Are there any others that you can think of that apply to this subject?


Famous Movie Quotes We’ve Often Repeated

It’s interesting to think about how much of an affect or influence the “big screen” has been in our lives from childhood well into our adult years — and not just on action scenes — but we’ve listened intently to conversations between characters in movies and find ourselves consciously or subconsciously picking up on quotes, sometimes serious, often amusing, but the lines stick in our heads long after we leave the theater or turn off the television. They’ve basically become part of our “pop culture” terminology that we often use, when the situation is just right. Scan the list and see just how many of these you remember — and then how many of them you’ve repeated to your family, friends, work associates, or people you come across in your day-to-day activities.

So — with all that said —behold the list of the most endearing of those quotes:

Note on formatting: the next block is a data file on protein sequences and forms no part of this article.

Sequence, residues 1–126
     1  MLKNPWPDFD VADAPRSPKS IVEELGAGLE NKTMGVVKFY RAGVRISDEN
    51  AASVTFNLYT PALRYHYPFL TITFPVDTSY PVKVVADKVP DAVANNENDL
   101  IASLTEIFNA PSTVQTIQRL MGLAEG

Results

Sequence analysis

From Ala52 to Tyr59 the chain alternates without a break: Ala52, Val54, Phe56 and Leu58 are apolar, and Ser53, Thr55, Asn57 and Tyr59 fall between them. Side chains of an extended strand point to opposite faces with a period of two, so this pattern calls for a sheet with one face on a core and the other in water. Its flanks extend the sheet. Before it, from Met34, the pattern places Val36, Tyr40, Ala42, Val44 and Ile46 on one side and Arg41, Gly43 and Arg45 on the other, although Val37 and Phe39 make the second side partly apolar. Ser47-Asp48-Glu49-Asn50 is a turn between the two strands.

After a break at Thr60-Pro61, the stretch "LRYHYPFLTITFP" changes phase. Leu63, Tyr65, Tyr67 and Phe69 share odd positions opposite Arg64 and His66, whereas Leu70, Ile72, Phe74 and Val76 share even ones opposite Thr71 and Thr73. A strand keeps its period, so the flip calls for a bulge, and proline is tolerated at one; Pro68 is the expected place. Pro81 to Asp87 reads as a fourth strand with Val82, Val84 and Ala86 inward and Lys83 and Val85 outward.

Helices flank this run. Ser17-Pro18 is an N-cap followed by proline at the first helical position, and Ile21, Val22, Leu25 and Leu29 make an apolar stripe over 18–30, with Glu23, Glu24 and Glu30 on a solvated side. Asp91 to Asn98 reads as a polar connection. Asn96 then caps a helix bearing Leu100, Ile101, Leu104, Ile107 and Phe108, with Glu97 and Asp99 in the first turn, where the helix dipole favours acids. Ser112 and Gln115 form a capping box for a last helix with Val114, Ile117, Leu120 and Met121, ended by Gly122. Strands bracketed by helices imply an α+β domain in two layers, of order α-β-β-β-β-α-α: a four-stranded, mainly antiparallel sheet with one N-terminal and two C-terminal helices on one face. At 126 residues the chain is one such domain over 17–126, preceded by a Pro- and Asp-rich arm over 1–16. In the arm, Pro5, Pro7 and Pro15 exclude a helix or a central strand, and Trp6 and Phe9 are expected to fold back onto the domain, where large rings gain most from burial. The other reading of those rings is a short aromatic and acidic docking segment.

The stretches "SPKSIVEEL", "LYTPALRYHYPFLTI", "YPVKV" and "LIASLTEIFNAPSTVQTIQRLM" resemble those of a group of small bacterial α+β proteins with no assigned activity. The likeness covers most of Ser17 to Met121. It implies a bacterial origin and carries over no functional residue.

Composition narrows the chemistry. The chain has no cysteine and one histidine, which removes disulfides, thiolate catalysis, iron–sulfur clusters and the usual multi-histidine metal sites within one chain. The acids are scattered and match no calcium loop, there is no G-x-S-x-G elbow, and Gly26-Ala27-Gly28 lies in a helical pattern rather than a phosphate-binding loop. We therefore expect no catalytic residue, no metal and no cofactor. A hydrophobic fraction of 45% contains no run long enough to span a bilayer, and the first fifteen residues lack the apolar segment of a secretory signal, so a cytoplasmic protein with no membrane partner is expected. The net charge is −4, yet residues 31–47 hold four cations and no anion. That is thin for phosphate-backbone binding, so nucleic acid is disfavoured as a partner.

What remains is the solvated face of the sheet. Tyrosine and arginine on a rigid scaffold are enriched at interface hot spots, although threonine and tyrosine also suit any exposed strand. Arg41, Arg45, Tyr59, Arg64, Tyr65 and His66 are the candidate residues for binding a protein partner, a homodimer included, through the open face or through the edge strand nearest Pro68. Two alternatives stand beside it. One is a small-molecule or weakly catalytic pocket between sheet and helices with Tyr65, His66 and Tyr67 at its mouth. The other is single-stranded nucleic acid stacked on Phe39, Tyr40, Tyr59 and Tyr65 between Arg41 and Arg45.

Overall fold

• “May the Force be with you.” — Star Wars (1977)
  • “There’s no place like home.” — The Wizard of Oz (1939)
  • “I’m as mad as hell, and I’m not going to take this anymore!” — Network (1976)
  • “Houston, we have a problem.” — Apollo 13 (1995)
  • “To Infinity and beyond!” — Toy Story (1995)
  • “Elementary, my dear Watson.” — The Adventures of Sherlock Holmes (1939)
  • “You had me at ‘hello'” — Jerry Maguire (1996)
  • “I’m the king of the world.” — Titanic (1997)
  • “I’ll be back.” — The Terminator (1984)
  • “E.T. phone home.” — E.T. The Extraterrestrial (1982)
  • “Bond. James Bond.” — Dr. No (1962)
  • “Frankly, my dear, I don’t give a damn” — Gone With The Wind (1939)
  • “I’m going to make him an offer he can’t refuse.” — The Godfather (1972)